Eventually I decided to revisit what I had learned about alternative house construction. Materials with low embodied energy, reclaimed materials, build-it-yourself, insulation, thermal mass, solar gain, and integrated design.
That last one is important. Integrated design. By that I mean thinking about how each part of a house design relates to the rest. For example, laying out the floor plan so the plumbing can all be together ("wet wall").
In Permaculture (and in nature) every element serves multiple roles. Chickens don't just produce eggs; they also consume food scraps, protect the orchard from pests, turn soil in the garden, and produce fertilizer. In conventional house construction, we use studded walls, meeting the needs like this:
strength - studs, OSB sheathing
fire resistance - drywall
insulation - fiberglass batts
beauty - drywall, siding, paint
thermal mass - none
Contrast that to Cordwood, my current DIY favorite.
strength - cordwood
fire resistance - cordwood
insulation - conrdwood
beauty - cordwood
thermal mass - cordwood
Furthermore, Cordwood is cheap and accessible for the amateur. No fiberglass to make you itch, either.
In addition to building our own house, we'd like to grow much of our own food. Chickens, ducks, goats, honey bees, a small orchard, and a big garden. Maybe pigs. You don't need a whole lot of space to do that, but I don't want to be buying a lot of food for the animals: I want them to roam and forage for themselves a lot. That means having a little land. I don't need to produce enough food to sell, but I do hope to produce more than we need and trade or gift the surplus.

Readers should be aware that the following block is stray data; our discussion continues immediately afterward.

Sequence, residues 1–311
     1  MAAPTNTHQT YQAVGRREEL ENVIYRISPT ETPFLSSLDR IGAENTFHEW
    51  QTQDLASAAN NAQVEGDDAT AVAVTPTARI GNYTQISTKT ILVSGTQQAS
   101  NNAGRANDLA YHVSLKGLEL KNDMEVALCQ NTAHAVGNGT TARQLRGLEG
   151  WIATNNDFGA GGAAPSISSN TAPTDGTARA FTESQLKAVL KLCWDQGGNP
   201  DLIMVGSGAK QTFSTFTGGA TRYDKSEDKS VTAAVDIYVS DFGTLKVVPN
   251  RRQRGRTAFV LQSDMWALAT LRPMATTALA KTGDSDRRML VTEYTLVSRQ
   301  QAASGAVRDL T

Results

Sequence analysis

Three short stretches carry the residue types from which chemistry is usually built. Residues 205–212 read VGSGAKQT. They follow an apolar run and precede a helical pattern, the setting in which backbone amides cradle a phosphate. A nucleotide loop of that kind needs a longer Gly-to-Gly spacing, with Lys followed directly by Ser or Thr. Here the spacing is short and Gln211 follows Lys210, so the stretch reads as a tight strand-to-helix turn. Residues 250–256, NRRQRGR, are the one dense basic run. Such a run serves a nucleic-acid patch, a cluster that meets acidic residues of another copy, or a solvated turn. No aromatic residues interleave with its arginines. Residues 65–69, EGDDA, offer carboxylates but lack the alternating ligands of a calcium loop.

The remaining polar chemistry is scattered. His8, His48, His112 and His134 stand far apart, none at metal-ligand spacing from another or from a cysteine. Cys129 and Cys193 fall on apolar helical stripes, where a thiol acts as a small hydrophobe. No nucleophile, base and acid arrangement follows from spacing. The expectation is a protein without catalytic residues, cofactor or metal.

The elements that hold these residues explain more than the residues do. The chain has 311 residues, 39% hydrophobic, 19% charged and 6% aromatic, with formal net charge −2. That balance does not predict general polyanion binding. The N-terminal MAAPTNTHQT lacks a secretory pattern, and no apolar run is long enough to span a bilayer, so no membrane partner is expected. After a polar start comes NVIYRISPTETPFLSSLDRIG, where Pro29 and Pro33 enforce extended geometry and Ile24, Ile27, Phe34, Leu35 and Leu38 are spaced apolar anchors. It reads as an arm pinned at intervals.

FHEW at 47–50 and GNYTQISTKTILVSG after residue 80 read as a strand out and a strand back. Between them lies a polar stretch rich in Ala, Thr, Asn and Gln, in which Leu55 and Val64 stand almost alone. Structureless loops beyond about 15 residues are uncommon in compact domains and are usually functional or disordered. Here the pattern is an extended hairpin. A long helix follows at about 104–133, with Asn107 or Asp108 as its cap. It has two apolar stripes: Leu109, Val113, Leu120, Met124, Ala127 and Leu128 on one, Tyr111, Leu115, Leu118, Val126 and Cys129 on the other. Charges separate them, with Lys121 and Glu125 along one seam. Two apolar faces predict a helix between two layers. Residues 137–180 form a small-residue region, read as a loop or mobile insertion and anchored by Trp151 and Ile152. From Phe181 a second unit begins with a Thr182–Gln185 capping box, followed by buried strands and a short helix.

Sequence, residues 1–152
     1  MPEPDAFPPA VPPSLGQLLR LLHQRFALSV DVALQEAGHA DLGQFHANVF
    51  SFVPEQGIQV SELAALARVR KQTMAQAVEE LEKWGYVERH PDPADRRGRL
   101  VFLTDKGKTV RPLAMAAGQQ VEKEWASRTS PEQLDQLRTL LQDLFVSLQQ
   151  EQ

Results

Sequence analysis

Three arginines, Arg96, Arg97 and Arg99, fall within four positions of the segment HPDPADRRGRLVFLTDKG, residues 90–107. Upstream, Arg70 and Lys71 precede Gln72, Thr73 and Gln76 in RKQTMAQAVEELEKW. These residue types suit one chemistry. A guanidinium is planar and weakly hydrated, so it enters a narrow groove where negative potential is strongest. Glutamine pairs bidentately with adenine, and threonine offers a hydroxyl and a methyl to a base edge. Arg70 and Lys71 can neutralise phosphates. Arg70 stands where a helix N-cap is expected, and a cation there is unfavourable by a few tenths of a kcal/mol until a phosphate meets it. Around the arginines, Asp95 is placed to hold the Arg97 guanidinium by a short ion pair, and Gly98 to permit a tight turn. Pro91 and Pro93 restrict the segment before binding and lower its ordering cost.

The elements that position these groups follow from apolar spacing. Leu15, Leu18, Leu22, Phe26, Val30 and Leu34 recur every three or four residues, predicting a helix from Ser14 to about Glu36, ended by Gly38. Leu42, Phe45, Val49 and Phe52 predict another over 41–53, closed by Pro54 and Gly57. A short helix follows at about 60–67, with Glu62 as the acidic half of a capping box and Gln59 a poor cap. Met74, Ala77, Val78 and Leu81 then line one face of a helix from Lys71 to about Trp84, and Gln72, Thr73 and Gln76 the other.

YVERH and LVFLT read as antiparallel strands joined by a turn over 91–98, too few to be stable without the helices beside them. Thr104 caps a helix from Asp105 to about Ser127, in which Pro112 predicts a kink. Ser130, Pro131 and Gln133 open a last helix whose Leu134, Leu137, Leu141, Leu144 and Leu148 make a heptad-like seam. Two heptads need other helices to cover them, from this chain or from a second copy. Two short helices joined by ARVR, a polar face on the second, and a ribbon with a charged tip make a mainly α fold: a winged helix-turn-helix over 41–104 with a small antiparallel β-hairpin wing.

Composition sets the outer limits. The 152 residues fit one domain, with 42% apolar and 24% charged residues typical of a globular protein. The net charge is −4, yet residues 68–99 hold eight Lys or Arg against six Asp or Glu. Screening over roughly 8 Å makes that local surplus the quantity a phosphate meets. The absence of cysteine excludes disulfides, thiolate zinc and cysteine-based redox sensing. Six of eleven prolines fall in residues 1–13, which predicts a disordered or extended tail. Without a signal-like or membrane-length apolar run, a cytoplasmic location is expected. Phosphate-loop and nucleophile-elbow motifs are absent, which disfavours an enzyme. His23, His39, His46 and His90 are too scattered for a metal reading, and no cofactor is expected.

Then again, I don't want some sort of rural McMansion. A hundred acres I can call "mine". 3000 sq. ft. of house at $120 / sq. ft., with active solar heat management and laminated "green" floors. Driving 20 miles just to see friends or by shampoo.
We've found 1.7 acres for a reasonable price. That's more than enough to grow all the food we can eat, but not enough to feed all the animals we could want. That's OK.
It's outside the city limits, which gives us more leeway with codes & construction methods. However, it's right over the line, so we're close to stuff, including a bus line. It also has city water in the street.
It's wooded. I have reservations about clearing land. But the alternative is to buy land that someone else has already cleared, which isn't much better. However, land that has been abused (e.g. gravel pit) and is super-cheap would be an opportunity to bring rich life back, which I like. Anyway, I love the woods so being wooded isn't terrible. And having a supply of wood for building and fuel is good, too.
In the new year we plan to put an offer on the land. Then we'll build an outhouse to explore the building techniques we're thinking about. Then a temporary shelter. We have a year on our current lease to get all that done and then start building.
I also hope to inspire others with my example, and by teaching what I learn. You don't have to have an enormous, expensive, toxic, wasteful home. It can be modest and comfortable and beautiful and cheap and healthy.
More to come, I hope.